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Mem. S. A. It. Vol. 76, 1015
© SAIt 2005
Memorie della Società Astronomica Italiana
1871 Società degli Spettroscopisti
Global warming: solar variability and energy consumption
A. Nigro1, A. Pagano2, 1, and F. Zuccarello1
1 Dipartimento di Fisica e di Astronomia Università di Catania, 64 Via S. Sofia, I-95123 Catania, Italy
2 Istituto Nazionale di Fisica Nucleare, 64 Via S. Sofia, I-95123 Catania, Italy
Abstract. Recent measurements support evidence for short-term global warming of the earth's surface. The average trend of the earth's surface anomaly as a function of the time was fitted by a simple thermodynamical model including short-term variation of the solar irradiance as well as antropogenic forcing.
Key words. Sun: variability – Earth: surface – Earth: warming – Economy: Energy – Economy: consumption.
Measurements of temperature occurring in the earth's surface have shown that these temperatures were increasing during 19th and 20th centuries and, within the adopted accuracy of the measurements, from early 1860 to 2003, the average difference in earth's surface temperature (anomaly) has been estimated to be +0.6±0.2 °C (Jones et al. 1999). From recent analysis of the solar cycle influence on terrestrial climate over the past 2000 years, the presence of a short term thermal forcing of anthropogenic origin in the late 20th century is deduced Jones (2005). However, a clear simulation of anthropogenic forcing is still an open problem. For example, global climate models of earth's temperature variation for different scenarios assuming anthropogenic green-house gas forcing only or green- house gas plus aerosol forcing fail to reproduce the universal scaling behavior of the observed records Govindan et al. (2002). In this contribution, the influence of energy consumption rate and the short term solar variability are taken into account on global warming of the earth's surface in the frame of a simple thermodynamic model.
2. Model description and data analysis
The Energy required as the necessary input by industries and civil uses is totally absorberd by earth's surface and consequently degraded as thermal energy (Davis 1990) in a time scale which is short compared with the short term solar variability. So, for vanishing value of the earth thermal capacity, an increase of the temperature at the earth's surface is expected Wilson and Jones (1990). If we consider the earth's surface as a body of given thermal heat capacity ceff, a simple equation for energy conservation is written: (Ehrlich et al. 1970)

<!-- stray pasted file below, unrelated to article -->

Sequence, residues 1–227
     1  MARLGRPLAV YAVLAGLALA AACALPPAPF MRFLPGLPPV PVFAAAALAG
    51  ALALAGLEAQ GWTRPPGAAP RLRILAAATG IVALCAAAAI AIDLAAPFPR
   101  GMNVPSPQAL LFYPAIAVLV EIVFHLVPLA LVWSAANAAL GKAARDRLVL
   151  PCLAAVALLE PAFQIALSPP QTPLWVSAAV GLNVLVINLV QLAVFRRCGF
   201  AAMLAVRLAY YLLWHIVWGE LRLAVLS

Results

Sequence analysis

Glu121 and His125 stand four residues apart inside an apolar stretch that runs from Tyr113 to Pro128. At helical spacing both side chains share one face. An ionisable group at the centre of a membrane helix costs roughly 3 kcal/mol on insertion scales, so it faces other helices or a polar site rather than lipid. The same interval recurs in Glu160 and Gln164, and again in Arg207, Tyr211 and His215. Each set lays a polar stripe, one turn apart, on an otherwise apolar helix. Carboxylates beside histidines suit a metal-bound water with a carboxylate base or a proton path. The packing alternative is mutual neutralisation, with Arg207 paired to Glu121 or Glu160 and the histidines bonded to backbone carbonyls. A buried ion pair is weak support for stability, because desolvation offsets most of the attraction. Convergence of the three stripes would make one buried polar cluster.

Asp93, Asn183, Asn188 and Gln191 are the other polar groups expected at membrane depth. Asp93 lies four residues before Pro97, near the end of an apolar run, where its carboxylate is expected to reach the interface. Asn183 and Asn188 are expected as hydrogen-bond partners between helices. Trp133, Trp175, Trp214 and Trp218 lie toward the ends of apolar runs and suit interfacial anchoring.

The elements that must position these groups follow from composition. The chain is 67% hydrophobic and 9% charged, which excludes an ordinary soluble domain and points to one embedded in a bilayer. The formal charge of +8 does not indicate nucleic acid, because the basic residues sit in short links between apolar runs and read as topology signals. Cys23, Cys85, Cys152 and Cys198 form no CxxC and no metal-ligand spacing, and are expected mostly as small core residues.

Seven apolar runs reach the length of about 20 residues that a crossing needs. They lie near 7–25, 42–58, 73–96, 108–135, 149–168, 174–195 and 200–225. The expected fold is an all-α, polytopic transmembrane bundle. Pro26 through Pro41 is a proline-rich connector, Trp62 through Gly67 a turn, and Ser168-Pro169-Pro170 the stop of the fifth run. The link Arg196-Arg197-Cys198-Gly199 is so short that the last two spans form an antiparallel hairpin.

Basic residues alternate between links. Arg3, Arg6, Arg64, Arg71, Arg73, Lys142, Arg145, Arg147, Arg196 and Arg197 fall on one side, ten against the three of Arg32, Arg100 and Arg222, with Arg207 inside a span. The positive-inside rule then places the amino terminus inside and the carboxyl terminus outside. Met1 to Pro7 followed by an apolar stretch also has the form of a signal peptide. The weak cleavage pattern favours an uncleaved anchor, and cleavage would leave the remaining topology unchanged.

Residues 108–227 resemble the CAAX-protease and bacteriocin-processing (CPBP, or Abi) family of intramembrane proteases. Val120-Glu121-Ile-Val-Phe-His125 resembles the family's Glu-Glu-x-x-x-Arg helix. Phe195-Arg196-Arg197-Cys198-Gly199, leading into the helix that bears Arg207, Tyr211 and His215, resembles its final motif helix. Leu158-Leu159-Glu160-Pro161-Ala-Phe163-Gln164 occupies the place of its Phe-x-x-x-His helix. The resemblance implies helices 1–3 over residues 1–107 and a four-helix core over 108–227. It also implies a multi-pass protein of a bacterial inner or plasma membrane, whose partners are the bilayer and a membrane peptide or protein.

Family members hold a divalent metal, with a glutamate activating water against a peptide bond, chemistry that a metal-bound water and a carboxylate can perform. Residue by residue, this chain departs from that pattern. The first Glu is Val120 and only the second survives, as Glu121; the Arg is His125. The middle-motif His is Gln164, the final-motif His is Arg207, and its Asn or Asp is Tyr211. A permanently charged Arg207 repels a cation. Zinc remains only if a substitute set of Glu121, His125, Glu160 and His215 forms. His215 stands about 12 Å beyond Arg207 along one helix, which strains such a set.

is the annual variation of the temperature T, is the flux of solar radiation absorbed by the earth's surface, is the short term variation of the solar irradiance (Lockwood et al. 2000), is the global flux of energy consumption that is assumed to be degraded in thermal energy, and is the Stefan-Boltzmann radiation emission. The annual rate was evaluated by fitting the experimental data of global energy consumption rate over the last century, starting from . A linear approximation of the energy conservation equation was solved with the free parameter ceff and the solution was used to fit the experimental data. In Fig.1, the result of this preliminary analysis is shown.
Fig.1 Behavior of the experimental earth's surface temperature anomaly (Jones et al. 1999) fitted by the simple solution of the thermodynamic model (full line).
The order of magnitude of the heat capacity of earth's surface, that is involved in the warming process was evaluated to be
suggesting a value for the external thickness of the earth's surface involved in the warming process of about 3.5±2 m. Notice that the fluctuation of the data around the average behavior are in agreement with the periodic short-term variation of solar irradiance of a period ≈ 12 year.
Global warming of Earths surface during the last two centuries has been analyzed by a simple thermodynamic model including both anthropogenic and solar forcing. The average trend of the temperature anomaly as a function of the time in the period 1860 – 2000 years, was found similar to the one observed in world energy consumption rate. The magnitude of the termal capacitance of earth's surface is consistent with the assumption of an energy transfer mechanism produced at the earth's surface. The fluctuation of the data around the average behavior was found to be in agreement with the periodic short-term variation of solar irradiance.
Acknowledgements. Sincere thanks to Cesare Marchetti of IIASA of Vienna, for the data of world energy consumption.
Jones, P.D., New, M., Parker, D.E., Martin, S., & Rigor, I.G. 1999, Reviews of Geophysics, 37, 173
Jones, P.D. 2005, this volume
Govindan, R.B., Vyushin, D., Bunde, A., Brenner, S., Havlin, S., & Schellnhuber, H. J. 2002, arXiv:cond- mat/ 0206040 v1
Davis, G.R. 1990, Scientific American, 263, 21
Wilson, R., & Jones, W.J. 1974, “Energy, Ecology and the environment”, Academic press, INC-New York – San Francisco – London, chapter 4 and references therein
Ehrlich, P.R., & Ehrlich, A.H. 1970, Bull. At. Sci. 26, 69
Lockwood, M., & Foster, S., 2000 ESA SP-463, 25